Today, I’m listening to James Taylor’s latest release, Before This World. Although it’s new, it reminds me of his music from the 70s. Part of me will always be stuck in the 70s.

When you’re not on campus, where’s your happy place?

My happy place is wherever my dog is–usually at home in a room painted bright blue and decorated with children’s toys (many, yes, from the 70s).

 

Seven Things You Can Do with an SJU Writing Studies Degree

Our illustrious director, Tenaya Darlington, put this piece together.  Read on.

Writing Studies Students and Alums

Writing Studies Students and Alums

 

 

 

 

 

Every year, we follow up with our Writing Studies graduates to find out how they are using their skills from our M.A. program to further their careers. Below you can read about some career options that our students have pursued, from editing to writing for businesses to teaching classes and writing grants. If you’re a current student, consider exploring a position in one of these areas.

 

 

 

 

 

 

  1. Become a writer or editor at a magazine or publication. Many of our recent graduates edit or write for trade publications, including a law magazine, a health magazine for the nursing sector, and a university alumni magazine. Writing Studies graduate Pete Sanchez is a staff writer for The Catholic Star Herald in New Jersey.
  1. Write grants for organizations and university research centers. Our Grant Writing class taught by professional grant writer Maureen Saraco partners students with nonprofit organizations around Philadelphia to gain hands-on experience writing actual grants. Writing Studies graduate Clare Dych started with a city nonprofit and worked her way up to the position of Associate Director of Development for Penn Medicine.
  1. Teach writing. Our graduates work in a variety of teaching fields, from leading workshops for kids at Mighty Writers in Philadelphia to teaching in private high schools, colleges, and universities including Neumann University and Philadelphia Community College.
  1. Write for digital publications. Our graduates write or have written for such publications as Food Network Magazine, Vogue, Huffington Post, and Serious Eats.
  1. Work in the Communications sector. Our graduates are employed by start-ups, PR firms, advertising agencies, talent agencies, pharmaceutical companies, hospitals, universities, city organizations, foundations, and financial firms. One Writing Studies graduate, Mark Chalmers, was recently promoted to Vice Provost of Jefferson University.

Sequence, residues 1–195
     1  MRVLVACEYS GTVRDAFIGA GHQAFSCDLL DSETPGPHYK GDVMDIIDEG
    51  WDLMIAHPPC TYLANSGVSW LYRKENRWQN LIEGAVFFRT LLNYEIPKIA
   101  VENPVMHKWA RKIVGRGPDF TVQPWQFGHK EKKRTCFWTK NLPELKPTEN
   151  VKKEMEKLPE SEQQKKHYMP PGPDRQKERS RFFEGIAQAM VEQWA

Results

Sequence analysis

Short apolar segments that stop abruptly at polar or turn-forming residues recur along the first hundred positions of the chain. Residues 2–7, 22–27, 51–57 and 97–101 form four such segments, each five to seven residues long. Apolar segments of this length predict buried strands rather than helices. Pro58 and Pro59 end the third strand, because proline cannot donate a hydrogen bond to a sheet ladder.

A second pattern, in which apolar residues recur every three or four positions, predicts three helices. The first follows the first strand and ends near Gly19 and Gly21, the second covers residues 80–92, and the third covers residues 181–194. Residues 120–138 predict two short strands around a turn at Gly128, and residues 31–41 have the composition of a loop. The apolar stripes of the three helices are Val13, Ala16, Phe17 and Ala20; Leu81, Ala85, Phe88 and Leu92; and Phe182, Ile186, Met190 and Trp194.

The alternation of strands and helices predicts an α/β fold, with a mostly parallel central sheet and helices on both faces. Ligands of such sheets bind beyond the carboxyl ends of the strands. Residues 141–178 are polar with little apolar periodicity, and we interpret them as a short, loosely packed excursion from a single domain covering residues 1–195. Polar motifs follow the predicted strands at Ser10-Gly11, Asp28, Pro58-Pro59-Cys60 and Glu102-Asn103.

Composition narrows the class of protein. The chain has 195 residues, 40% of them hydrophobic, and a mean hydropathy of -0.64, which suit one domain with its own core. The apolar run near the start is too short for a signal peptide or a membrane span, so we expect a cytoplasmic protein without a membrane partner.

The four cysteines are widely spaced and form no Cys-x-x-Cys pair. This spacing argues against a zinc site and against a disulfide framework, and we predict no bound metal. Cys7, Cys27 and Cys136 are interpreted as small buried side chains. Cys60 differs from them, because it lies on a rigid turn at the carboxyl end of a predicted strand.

1. Run a Writing Center. Students who gain experience in our Writing Center at Saint Joseph’s University learn valuable one-on-one communication skills, plus management experience. Two of our graduates now run writing centers at major universities.
  1. Become an author. Our graduates author novels, cookbooks, and collections of poetry. Marisa McClellan, of the popular canning blog foodinjars, will soon release her third cookbook. Since graduating from our program, she has started her own freelance writing business and is now a full-time food writer. She also has a new podcast, Local Mouthful.

 

Tenaya Darlington is the director of the Writing Studies M.A. program at Saint Joseph’s University. You can reach her at tdarling@sju.edu.

Note Change to Course Number for Spring 2016

Sorry for the confusion, people!  ENG 679 is the correct course number for Writers at Work.  The cross-listed course on Writing for Digital Platforms will use ENG 675.

Mondays 6:30-9:15 p.m.

ENG 679 Special Topics: Writers at Work (Area III: Professional Writing) Professor Tenaya Darlington

This course is designed to set your professional life as a writer in motion. Over the course of 15 weeks, you’ll meet a series of working writers from around Philadelphia who will visit our class. During these visits, you’ll have the opportunity to network with professional writers and learn about possible career paths, from public relations to publishing. Each writer’s visit will tie into a different writing assignment so that you can begin building a portfolio of professional work (likely assignments will include: a press release, a review, a book proposal, an edited manuscript, plus a professional resume and bio.) At the end, you’ll develop an online portfolio that you can use as a calling card.